It is easy to see why Vidor was interested in making a film about Taylor’s murder. The case involved many of the elements of a typical Hollywood scandal: sex, blackmail, drugs, the possible involvement of both a studio and the police in a cover-up, and a cast of characters that included well-known actresses.
The case was complicated from the beginning. When the police arrived, the house was filled with people who had a stake in Taylor’s life, death, and reputation. A studio executive was burning papers, the popular actress Mabel Normand was looking for her letters to Taylor, and a man claiming to be a doctor pronounced Taylor dead of a stomach hemorrhage: Only after he left did the real coroner arrive, turn the body over, and discover a fatal gunshot wound.
True to the model of the modern existential detective story or a film noir, as the investigation proceeds the evidence becomes more and more inscrutable, if not contradictory. Taylor, it turns out, had changed his name and left a family behind years before coming to Hollywood, and his murder may have involved someone from that shadowy past, perhaps even his brother. The suspicion is raised that Taylor may have been homosexual and thereby vulnerable to blackmailers, and yet, at the same time, the continuing presence of the beautiful starlet Mary Miles Minter and her domineering mother, Charlotte Selby, raises the possibility that the murder was the result of another kind of jealous rage. It is a testament to Vidor’s patience and unusually keen analytic ability that he ultimately found his way to the person who was undoubtedly the murderer.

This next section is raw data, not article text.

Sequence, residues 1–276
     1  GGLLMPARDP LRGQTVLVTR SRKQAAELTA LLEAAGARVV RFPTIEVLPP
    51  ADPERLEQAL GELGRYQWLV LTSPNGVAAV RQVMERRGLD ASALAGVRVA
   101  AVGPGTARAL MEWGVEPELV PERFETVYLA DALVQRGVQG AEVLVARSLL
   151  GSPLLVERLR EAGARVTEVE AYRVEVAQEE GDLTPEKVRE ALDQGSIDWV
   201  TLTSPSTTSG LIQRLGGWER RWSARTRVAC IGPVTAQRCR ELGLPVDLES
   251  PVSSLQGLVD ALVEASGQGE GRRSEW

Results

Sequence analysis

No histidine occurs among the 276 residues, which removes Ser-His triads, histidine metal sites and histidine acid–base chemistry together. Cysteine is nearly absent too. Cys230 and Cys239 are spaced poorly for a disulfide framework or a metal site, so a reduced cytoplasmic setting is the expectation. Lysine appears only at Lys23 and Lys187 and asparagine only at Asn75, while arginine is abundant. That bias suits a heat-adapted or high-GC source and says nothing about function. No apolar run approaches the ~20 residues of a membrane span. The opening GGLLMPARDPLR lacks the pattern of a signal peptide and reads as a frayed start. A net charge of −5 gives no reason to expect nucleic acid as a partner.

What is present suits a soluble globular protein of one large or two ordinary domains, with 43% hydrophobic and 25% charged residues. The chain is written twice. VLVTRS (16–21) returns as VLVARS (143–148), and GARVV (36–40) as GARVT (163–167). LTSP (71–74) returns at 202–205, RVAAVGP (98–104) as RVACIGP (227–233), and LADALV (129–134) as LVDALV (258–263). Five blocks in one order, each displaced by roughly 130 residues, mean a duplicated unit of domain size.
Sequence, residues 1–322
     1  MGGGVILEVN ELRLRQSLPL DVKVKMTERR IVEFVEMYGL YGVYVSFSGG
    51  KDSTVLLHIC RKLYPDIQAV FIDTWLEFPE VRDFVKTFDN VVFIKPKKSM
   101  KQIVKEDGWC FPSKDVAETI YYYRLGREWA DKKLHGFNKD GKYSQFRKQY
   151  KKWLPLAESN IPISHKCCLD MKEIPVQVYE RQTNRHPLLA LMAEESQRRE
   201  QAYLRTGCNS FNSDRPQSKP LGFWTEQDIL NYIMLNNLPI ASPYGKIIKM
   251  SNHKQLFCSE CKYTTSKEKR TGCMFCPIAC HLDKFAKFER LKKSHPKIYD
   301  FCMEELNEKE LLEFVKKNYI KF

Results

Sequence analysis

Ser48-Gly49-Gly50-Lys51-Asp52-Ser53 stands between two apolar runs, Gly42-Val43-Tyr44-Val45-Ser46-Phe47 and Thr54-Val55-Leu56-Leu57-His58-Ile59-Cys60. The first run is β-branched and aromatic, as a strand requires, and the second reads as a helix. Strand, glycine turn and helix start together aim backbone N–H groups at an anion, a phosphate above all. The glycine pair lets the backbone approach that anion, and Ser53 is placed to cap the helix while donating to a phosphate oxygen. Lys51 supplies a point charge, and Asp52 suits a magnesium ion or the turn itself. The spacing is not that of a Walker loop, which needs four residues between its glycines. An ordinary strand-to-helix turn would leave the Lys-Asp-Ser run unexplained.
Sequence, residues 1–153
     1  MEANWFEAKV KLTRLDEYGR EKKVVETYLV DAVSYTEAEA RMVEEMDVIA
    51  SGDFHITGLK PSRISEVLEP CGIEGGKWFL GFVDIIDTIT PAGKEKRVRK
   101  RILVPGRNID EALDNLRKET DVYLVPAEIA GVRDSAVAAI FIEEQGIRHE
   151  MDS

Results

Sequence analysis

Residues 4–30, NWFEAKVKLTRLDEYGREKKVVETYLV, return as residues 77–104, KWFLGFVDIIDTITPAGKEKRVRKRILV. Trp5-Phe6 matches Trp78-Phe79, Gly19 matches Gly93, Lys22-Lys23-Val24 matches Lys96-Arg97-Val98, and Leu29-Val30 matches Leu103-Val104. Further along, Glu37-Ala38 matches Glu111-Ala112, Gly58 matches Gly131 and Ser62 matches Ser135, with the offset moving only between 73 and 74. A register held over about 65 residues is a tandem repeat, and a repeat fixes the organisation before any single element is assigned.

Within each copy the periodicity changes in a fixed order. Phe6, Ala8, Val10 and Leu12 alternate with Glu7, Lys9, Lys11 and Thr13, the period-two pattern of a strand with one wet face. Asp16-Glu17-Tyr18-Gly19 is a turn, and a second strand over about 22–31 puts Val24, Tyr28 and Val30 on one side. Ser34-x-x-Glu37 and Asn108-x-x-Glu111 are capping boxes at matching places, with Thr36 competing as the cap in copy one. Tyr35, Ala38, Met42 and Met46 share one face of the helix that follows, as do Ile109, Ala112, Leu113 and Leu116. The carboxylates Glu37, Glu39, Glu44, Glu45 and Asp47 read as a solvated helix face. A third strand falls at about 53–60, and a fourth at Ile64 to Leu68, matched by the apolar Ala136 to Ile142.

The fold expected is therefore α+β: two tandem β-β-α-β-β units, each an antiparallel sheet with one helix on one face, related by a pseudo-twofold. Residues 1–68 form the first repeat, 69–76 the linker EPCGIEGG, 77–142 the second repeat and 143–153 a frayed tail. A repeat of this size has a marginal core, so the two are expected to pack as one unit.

Kirkpatrick deserves nearly as much credit as Vidor, though, because he not only unearthed the materials which Vidor had sealed in a strong-box when he concluded his investigation in 1967, but also has worked them into a compelling, dramatic story. At one point in his research, Vidor was asked why he wanted to dredge up the sorry details of a mystery from a long-gone era. Vidor’s reply was that it would make a good story, and people love a story, especially if it is true. That remark could well have been the epigraph for A CAST OF KILLERS, which is indeed a good story and frighteningly true.